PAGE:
A diamond in the rough, that’s the first image crossing my mind when I was introduced to this first sign of life by Dutch psychedelic indie adventurers Pacific Fuzz. On their debut EP Scope they recorded a genuine “real life straight to tape” kind of deal that might sound a little unpolished at first, but really unfolds into a wider landscape of color and depth when you give it some time and well deserved attention. It is a good start of something that promises to be much, much more in the future.

It was recorded in a live setting with Sander Haagmans, an icon in the Dutch stoner scene and known from his band Sungrazer with whom he released multiple worldwide cherished albums and toured Europe to great avail. Together he and Pacific Fuzz have brought to live these five songs, and with its grand total of almost thirty minutes they take their time to fully express what they are all about.

The sound has hints of that Dutch stoner past, with fuzz heavy guitars and slow burning pace, but their is a more subtle thing going on here. Pacific Fuzz writes real songs, even if they allow themselves to embark on more progressive adventures while doing so. In that way they remind of Norwegian psych prog heroes Motorpsycho, while the hammond organ and the clean smooth vocals also hint towards Dutch psychbluesers Birth Of Joy with a modern take on 70s rock a la Deep Purple and Led Zeppelin.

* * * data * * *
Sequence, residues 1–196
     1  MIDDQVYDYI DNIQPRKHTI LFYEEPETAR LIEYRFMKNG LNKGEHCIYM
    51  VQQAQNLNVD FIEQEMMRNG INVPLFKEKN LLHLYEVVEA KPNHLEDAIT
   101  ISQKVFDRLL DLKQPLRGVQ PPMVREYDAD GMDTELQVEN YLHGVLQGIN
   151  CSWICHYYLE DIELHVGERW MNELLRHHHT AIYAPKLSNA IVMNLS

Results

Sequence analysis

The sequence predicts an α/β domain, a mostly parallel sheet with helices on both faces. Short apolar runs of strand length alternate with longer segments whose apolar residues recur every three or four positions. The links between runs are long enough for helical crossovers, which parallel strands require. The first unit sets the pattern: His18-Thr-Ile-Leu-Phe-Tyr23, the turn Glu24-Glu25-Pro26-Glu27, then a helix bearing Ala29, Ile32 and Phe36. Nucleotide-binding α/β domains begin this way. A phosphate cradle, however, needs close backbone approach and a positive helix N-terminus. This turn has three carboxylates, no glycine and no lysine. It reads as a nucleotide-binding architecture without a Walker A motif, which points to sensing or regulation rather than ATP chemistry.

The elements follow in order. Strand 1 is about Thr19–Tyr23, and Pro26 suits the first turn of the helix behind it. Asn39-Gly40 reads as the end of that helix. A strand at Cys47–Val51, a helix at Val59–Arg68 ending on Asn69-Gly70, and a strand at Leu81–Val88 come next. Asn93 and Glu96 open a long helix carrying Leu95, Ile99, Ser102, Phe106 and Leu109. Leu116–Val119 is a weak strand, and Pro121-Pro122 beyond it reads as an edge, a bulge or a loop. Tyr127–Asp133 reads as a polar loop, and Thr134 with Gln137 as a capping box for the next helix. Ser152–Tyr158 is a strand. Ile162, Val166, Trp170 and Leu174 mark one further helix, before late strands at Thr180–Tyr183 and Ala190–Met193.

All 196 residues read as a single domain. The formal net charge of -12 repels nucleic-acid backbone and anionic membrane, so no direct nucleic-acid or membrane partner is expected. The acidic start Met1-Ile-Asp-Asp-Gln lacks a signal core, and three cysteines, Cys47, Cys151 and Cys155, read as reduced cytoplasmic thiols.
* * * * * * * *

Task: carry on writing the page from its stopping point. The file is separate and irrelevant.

It’s a rich sound that can still twist and turn any way these fine gentlemen pretty much please, so it is a pleasure to start following this band, and see what seas of opportunity stil lie ahead for them.

I talked to singer/bassist Erik Steegh about his new audio baby and what the past years have been like for him and his band:

Hi guys! How have you been the past corona years? Can you tell me about the influence it had on Pacific Fuzz?